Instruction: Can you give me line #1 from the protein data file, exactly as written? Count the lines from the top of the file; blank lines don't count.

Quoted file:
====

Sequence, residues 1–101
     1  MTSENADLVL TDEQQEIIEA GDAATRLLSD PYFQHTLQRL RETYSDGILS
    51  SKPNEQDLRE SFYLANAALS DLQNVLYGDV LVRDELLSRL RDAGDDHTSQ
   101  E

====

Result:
Sequence, residues 1–101